3. The judge accepted the relationship between the appellant and his father was as claimed, and that, the appellant would be adequately maintained in the UK. However, at  the judge gave several reasons for concluding that the appellant had failed to establish sole responsibility. While the judge acknowledged that there was evidence of financial remittances to the appellant by his father, the judge noted that the appellant's father was unable to demonstrate any knowledge of how the remitted monies was being spent, what the monies was spent on and what direction he was giving to his son and his mother. Fundamental to the judge's decision was his conclusion that there was no evidence of regular contact, or of the important decisions the appellant's father had made or evidence of involvement with his school or doctor or anyone else in Bangladesh.
4. Accordingly, the judge found at  that responsibility for the appellant was shared between his father and grandmother.
5. The judge also observed that no evidence was forthcoming of any compelling reasons as to why the appellant's exclusion was undesirable at . In light of these conclusions the judge found that the refusal of entry clearance was proportionate.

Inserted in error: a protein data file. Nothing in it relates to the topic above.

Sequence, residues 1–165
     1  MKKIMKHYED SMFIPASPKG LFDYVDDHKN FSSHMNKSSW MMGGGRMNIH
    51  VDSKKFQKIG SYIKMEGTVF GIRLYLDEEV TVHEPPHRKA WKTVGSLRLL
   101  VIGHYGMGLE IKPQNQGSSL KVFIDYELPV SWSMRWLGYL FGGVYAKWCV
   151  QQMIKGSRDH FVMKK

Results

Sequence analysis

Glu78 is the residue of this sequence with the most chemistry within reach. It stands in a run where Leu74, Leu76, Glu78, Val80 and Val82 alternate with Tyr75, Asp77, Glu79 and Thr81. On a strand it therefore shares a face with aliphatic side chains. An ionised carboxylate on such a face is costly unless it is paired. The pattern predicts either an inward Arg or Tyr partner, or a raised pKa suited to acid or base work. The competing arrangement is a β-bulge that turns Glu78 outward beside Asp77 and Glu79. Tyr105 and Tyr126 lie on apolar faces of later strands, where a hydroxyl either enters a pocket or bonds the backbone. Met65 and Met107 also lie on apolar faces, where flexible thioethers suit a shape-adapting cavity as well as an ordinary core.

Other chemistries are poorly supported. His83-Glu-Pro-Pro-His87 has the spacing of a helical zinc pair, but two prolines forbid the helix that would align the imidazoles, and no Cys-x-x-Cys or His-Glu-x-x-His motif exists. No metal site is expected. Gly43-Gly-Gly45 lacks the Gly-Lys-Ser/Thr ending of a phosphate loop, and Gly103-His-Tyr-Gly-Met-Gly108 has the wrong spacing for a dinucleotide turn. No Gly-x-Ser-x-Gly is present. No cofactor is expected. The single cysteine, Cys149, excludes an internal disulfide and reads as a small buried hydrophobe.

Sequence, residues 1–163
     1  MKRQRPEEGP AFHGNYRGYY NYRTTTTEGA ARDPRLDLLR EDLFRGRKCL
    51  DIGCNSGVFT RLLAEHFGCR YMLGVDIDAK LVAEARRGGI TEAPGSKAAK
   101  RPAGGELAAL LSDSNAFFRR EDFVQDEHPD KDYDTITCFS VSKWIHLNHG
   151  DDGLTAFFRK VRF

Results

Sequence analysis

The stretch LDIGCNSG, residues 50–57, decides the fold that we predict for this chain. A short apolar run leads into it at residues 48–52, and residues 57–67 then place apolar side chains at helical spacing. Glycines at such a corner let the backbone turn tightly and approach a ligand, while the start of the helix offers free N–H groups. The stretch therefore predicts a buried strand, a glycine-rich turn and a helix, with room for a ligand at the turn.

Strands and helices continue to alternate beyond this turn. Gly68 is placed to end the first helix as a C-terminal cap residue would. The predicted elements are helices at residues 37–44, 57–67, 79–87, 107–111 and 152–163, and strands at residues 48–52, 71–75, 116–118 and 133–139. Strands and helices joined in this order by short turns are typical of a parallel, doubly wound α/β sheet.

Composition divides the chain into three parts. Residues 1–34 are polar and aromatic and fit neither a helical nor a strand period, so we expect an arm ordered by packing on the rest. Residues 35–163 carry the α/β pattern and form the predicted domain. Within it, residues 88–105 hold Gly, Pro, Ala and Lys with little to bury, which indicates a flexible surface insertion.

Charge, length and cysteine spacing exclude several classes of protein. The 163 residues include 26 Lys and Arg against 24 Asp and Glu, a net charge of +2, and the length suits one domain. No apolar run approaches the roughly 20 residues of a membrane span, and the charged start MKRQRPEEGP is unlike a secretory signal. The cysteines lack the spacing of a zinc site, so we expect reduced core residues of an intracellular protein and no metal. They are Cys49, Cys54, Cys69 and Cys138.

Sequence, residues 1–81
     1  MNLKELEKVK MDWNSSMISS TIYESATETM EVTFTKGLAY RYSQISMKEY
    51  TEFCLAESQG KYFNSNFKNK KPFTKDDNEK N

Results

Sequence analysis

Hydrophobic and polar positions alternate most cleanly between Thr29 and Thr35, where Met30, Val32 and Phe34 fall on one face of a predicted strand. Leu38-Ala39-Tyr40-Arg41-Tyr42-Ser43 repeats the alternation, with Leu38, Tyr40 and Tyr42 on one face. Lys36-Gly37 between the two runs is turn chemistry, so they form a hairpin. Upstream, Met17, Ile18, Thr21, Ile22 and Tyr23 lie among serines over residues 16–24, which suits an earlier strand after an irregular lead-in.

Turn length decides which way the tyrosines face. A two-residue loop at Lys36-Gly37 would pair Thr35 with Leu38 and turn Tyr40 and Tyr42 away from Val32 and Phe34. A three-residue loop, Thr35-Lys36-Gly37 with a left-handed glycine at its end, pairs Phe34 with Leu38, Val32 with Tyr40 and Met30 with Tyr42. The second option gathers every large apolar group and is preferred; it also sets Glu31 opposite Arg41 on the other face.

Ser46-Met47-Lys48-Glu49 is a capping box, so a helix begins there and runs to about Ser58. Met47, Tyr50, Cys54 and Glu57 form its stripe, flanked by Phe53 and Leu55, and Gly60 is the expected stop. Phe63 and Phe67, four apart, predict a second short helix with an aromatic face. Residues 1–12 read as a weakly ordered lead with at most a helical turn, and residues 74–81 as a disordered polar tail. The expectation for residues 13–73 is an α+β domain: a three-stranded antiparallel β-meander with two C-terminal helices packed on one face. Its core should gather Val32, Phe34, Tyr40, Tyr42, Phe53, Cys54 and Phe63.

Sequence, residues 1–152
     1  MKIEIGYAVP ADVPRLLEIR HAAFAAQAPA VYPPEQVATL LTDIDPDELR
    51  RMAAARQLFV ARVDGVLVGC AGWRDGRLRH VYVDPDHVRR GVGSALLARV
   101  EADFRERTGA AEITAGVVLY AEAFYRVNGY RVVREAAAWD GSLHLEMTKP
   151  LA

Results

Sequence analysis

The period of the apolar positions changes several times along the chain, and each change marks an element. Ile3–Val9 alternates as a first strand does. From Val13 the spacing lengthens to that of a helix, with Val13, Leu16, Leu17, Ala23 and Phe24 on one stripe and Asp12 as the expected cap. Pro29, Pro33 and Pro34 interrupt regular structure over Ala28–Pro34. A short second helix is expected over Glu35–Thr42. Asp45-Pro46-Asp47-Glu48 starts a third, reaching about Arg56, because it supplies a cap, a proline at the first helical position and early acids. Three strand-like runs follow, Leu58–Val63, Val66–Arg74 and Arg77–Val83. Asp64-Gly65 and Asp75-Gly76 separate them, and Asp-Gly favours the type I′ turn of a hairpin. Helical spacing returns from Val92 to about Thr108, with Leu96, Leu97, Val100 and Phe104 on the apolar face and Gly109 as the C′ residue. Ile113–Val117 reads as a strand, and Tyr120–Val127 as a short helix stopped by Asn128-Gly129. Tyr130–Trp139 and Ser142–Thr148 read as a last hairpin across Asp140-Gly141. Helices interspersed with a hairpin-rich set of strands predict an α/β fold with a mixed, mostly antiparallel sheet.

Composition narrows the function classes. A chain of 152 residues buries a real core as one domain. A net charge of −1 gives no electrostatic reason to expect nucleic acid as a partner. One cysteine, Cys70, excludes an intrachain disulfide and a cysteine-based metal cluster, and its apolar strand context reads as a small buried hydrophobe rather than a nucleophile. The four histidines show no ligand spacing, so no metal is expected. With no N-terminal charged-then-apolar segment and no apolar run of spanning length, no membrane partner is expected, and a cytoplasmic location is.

Grounds of Appeal and Submissions
6. The grounds of appeal are discursive. It is difficult to identify from this pleading the specific nature of the alleged error(s), but I shall nevertheless attempt to summarise them as follows. First, it is argued that there was sufficient evidence of sole responsibility before the judge and of the grandmother's inability to carry out the father's instructions. This it is said was set out in the affidavits of the grandmother. Second, it is argued that in view of the grandmother's inability to look after the appellant that there were serious and compelling family and other considerations making the appellant's exclusion undesirable. It is argued that it was in the best interests of the appellant, whose mother had remarried and moved away, to live with his father.